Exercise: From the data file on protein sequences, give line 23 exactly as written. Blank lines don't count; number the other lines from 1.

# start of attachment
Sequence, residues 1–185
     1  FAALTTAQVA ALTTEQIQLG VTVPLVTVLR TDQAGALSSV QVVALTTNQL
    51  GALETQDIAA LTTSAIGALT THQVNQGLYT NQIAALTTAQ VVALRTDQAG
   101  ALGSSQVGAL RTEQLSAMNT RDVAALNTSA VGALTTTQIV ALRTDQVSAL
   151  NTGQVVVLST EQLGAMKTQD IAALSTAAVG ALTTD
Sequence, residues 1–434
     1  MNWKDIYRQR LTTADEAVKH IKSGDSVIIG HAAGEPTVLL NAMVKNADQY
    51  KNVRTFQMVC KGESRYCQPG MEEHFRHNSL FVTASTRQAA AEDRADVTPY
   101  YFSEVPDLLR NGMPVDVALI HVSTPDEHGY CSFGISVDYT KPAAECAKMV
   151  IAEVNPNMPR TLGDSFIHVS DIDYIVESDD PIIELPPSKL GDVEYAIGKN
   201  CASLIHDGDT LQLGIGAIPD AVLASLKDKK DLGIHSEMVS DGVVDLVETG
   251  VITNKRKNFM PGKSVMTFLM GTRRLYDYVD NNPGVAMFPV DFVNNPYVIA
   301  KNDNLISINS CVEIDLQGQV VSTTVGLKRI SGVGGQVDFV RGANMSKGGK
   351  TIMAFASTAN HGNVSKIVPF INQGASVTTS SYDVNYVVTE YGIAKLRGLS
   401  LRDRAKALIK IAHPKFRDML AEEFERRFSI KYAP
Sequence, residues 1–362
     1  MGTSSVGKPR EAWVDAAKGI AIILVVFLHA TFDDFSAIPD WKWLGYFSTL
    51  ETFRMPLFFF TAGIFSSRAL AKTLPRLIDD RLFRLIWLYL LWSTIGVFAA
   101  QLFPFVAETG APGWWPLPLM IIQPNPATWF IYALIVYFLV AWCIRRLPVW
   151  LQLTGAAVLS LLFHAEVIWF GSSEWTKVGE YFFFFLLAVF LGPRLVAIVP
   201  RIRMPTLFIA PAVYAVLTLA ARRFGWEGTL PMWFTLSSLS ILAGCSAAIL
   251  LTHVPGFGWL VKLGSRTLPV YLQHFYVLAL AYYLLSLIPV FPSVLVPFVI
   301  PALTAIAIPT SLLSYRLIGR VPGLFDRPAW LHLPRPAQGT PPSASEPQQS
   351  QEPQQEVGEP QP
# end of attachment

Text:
   301  PALTAIAIPT SLLSYRLIGR VPGLFDRPAW LHLPRPAQGT PPSASEPQQS